In person-on-the-street interviews Thursday about Amazon's HQ2 shortlist, a few had predictions, or hopes, but the majority expressed something similar to one woman's sentiment: "It's too early to get excited about one particular city."

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When Amazon released a list of the 20 North American cities on its shortlist for its second headquarters Thursday, the reactions from people on the street in Seattle were mixed.

Some made predictions about which city would ultimately be chosen by the company for its planned expansion: Austin, Atlanta, Boston and Toronto were among the favorites.

“I hope it’s Atlanta because my daughter lives in Alabama and anything down South would be good,” said Robin Kocher, a construction-site flagger in South Lake Union.

Construction flagger Robin Kocher is pulling for Atlanta to be chosen by Amazon for its second headquarters because it’s in the South and the South needs any help it can get.

Most Amazonians, and the people who work for businesses that benefit from the company, did not want to be named when informally polled on the street.

A few had predictions, or hopes, but the majority expressed something similar to this woman’s sentiment: “It’s too early to get excited about one particular city.”

An Amazon employee, who already flies a lot for his job, said, “I assume it will be Austin because Chicago is too cold and Atlanta is too far away.”

Amazon program manager Shamiron Thomas said he’s heard that Atlanta, Boston and Austin are most likely the front-runners.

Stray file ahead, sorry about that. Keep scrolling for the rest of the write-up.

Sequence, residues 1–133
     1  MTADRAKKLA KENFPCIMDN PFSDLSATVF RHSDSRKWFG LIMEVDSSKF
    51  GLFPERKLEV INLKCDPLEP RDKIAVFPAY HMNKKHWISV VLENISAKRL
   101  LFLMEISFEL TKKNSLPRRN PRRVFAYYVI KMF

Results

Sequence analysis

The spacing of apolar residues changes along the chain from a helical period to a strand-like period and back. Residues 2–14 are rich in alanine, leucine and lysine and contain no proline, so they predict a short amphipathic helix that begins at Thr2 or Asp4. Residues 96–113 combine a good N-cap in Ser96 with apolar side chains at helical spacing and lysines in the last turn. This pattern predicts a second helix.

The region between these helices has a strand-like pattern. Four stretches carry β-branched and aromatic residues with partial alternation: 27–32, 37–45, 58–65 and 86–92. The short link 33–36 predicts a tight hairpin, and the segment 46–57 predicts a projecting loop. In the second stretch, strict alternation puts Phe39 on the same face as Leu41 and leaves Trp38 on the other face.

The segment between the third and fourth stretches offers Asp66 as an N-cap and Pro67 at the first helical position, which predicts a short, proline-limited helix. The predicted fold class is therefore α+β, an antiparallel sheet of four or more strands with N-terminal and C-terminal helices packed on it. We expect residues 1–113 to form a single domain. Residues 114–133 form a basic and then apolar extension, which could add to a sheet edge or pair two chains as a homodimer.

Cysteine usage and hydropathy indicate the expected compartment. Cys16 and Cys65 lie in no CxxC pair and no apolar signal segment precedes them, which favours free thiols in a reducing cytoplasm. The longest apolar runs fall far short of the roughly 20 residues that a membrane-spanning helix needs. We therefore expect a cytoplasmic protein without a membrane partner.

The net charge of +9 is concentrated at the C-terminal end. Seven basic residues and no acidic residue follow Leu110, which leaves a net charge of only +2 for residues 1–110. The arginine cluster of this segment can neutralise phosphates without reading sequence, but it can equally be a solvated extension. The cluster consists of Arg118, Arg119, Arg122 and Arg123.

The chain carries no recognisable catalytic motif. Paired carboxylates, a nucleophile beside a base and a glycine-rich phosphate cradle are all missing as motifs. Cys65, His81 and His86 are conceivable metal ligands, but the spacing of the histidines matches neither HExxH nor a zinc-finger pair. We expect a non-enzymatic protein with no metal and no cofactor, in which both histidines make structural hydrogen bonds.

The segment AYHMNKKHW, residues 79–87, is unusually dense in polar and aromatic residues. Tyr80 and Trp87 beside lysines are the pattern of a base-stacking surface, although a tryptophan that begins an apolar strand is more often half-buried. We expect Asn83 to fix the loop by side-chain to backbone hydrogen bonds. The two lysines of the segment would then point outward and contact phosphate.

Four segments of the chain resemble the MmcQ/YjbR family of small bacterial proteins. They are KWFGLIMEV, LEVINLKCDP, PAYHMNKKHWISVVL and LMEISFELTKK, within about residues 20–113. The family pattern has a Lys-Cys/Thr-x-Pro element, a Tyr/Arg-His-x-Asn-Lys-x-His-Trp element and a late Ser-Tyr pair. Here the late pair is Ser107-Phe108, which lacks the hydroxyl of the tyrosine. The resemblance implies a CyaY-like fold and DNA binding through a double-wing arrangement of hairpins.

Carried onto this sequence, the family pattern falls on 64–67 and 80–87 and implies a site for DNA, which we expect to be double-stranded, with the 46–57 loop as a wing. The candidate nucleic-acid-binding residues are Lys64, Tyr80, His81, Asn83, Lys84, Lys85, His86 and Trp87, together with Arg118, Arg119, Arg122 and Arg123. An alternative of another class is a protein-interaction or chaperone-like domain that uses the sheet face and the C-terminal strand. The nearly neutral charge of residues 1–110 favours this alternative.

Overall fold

He personally thinks Atlanta will be the final choice because it’s a “good city” and a “big metro” that “meets most of the criteria” Amazon desires.

Shamiron Thomas, a program manager for Amazon’s inbound supply chain, predicted that the online retail giant would ultimately chose Atlanta for its second headquarters from the 20 cities named as possibilities on Thursday.

A handful of people, mostly Seattle-area natives, expressed relief that there were no other Pacific Northwest cities on the list for Amazon’s second hub.

“Thank God it’s not Tacoma or Everett. They need to get the (expletive) out of here,” said a Puget Sound native. “I say that in jest, but I’m serious at the same time.”

“I’m excited to think it could reduce the congestion in South Lake Union,” said one woman. “Getting in and out is extremely painful.”

Actor, barista & Seattle-area native Elena Flory says she was relieved to see that no other cities in the Pacific Northwest made the online retail giant’s short list for its HQ2.

Elena Flory, an actor and barista who was born and raised in Seattle, said she’s seen how the company has affected the local economy, for better and worse, and is hopeful that a second headquarters in another region will reduce some of the city’s stress.

“The cost of living is astronomical and it’s very difficult,” Flory said, noting that she’s seen families that have been here for generations move because they were priced out.
“I’m happy to have them here,” she said of Amazon, but is also happy HQ2 won’t “be in the P.N. Dub,” using a colloquial term for the Pacific Northwest.

Landscaper Leonard Wyman says he hopes Amazon picks Austin for its second headquarters because he “has family down there” and it would be good for them, but he doesn’t think anything will help Seattle relieve congestion or inflation. “It’s too late.”

Landscaper Leonard Wyman said he hopes Austin is chosen because he has family there “and this would be good for them,” but he himself holds out no hope for any reduction in the Seattle area’s growing pains.

“It’s too late,” Wyman said. “We didn’t prepare for the future.”

And then there were the people who haven’t paid much attention to Amazon’s growth.

“I didn’t even know they were doing it,” said one restaurant worker who did not want to be named. “I don’t care … “

In fact, a fair number of people said they had either been unaware of the plans for HQ2 — or just flat out didn’t care.


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